WEST POINT, Ga. (WRBL) — Georgia Gov. Brian Kemp spent more than an hour on the ground Monday afternoon surveying the tornado damage just outside West Point.

The governor flew in on a state helicopter from Atlanta and got to see multiple damaged sites in Troup County from the sky.

“You just never know when these storms are going to pop up,” Kemp said in a one-on-one interview with WRBL. “Thankfully, we had a little extra notice. We knew this storm was moving through, but you never know when something is going to develop into a tornado. So, we are very lucky it was the time of day it was. And also that we got out with no fatalities. Just keep praying.”

Kemp was joined by his wife, Marty, and James C. Stallings, the state’s Director of Homeland Security.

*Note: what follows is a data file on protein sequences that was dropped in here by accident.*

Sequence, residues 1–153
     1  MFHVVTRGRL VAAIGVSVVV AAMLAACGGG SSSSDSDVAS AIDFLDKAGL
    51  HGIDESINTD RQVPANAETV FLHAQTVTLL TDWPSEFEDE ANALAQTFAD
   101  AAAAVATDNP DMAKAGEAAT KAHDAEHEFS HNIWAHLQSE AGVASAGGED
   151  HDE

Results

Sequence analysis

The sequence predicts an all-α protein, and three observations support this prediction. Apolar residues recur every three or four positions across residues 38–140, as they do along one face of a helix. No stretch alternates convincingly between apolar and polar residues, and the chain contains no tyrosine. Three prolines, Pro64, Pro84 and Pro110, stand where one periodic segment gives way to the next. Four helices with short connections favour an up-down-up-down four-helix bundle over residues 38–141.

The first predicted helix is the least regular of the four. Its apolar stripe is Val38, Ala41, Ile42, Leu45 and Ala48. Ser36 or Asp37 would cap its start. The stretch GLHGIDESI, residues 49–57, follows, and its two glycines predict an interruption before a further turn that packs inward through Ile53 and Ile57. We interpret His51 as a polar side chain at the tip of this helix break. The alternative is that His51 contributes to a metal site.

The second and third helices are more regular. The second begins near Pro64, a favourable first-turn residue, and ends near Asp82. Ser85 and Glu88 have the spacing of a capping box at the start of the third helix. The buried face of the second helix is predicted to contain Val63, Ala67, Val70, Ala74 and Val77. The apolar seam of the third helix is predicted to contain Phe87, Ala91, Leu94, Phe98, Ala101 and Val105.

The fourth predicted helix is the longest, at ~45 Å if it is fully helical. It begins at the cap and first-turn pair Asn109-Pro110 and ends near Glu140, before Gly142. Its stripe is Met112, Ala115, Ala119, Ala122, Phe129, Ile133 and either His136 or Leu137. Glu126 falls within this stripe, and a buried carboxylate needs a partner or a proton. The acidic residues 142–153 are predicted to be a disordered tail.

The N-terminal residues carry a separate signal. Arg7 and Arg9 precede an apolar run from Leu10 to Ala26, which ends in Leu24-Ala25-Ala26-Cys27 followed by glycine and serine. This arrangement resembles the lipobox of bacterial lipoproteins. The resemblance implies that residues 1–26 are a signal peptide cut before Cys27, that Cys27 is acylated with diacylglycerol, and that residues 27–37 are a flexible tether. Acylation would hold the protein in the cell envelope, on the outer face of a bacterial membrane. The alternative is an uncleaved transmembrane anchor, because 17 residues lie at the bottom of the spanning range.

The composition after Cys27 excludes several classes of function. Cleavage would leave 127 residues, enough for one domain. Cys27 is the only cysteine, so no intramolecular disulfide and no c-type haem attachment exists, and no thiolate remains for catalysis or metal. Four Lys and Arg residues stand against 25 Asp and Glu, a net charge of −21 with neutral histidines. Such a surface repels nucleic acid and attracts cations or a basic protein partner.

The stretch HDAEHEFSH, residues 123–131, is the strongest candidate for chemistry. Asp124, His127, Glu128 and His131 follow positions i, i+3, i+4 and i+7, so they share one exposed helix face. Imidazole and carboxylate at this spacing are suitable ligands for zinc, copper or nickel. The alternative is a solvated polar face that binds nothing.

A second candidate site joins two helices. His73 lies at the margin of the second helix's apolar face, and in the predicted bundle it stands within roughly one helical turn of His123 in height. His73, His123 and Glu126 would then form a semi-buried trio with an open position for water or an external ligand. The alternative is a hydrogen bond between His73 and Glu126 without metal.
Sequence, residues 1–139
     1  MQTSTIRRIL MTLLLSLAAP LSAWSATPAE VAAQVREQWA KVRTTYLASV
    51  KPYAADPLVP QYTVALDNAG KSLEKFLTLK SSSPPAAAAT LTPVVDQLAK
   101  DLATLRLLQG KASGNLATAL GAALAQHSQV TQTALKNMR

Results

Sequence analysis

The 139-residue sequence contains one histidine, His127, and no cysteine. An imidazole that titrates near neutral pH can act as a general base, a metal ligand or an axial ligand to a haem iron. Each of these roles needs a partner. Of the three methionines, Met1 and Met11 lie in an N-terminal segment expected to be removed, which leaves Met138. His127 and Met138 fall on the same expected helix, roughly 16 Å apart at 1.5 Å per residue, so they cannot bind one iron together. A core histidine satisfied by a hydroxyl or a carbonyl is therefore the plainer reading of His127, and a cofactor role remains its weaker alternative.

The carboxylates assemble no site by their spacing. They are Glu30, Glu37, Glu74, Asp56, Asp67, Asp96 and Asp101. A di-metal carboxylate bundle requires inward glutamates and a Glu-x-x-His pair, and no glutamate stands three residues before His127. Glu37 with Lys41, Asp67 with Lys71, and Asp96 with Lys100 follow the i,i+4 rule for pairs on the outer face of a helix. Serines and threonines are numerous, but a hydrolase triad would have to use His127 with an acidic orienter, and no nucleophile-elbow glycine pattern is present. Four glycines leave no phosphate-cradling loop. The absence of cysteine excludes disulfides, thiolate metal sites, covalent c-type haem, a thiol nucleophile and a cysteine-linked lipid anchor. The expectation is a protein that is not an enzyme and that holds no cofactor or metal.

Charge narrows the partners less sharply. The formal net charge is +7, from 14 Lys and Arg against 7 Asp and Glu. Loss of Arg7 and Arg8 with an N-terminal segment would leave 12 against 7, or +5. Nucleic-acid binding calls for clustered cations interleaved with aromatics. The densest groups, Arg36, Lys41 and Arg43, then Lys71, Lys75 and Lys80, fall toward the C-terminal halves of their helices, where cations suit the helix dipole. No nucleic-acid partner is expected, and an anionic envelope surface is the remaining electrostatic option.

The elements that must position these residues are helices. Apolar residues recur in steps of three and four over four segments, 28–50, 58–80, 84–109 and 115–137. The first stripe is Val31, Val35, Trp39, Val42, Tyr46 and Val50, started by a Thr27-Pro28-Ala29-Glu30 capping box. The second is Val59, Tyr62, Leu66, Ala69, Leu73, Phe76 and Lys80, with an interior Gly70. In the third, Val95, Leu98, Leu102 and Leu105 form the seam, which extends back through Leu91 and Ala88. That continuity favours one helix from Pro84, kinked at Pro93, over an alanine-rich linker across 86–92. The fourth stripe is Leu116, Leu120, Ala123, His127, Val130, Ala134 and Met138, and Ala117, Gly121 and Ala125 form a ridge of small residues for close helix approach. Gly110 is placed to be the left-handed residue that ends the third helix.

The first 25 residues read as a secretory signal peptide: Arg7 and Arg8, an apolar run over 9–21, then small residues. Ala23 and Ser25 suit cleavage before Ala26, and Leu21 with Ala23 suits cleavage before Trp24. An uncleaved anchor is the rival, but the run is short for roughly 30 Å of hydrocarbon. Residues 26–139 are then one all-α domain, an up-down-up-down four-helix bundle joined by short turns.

The governor said that the tornado that struck West Point Road was an EF3 with winds up to 140 mph. When it hit several miles away on Shoemaker Road, it was downgraded to an EF2, according to the governor.

About 100 homes, businesses and churches were damaged on West Point Road, about two miles east of downtown. Up to 40 of those will be a total loss, the governor said.

Stallings said impacted residents need to keep their guard up.

“We are asking for the public to stay clear of the damaged areas and roadways in order for us to respond,” Stallings said. “Patience is going to be the watchword. As you have seen this devastation, I know folks are going to want to get back to their homes and find their items that they have lost and see the destruction. But at the same time, with these power companies out here there are a lot of live wires. There are gas mains that still need to be protected.

The governor had been scheduled to visit West Point and Milledgeville in middle Georgia today. The weather forced him to focus on Troup County. A spokesperson says he plans to go to Baldwin County on Tuesday.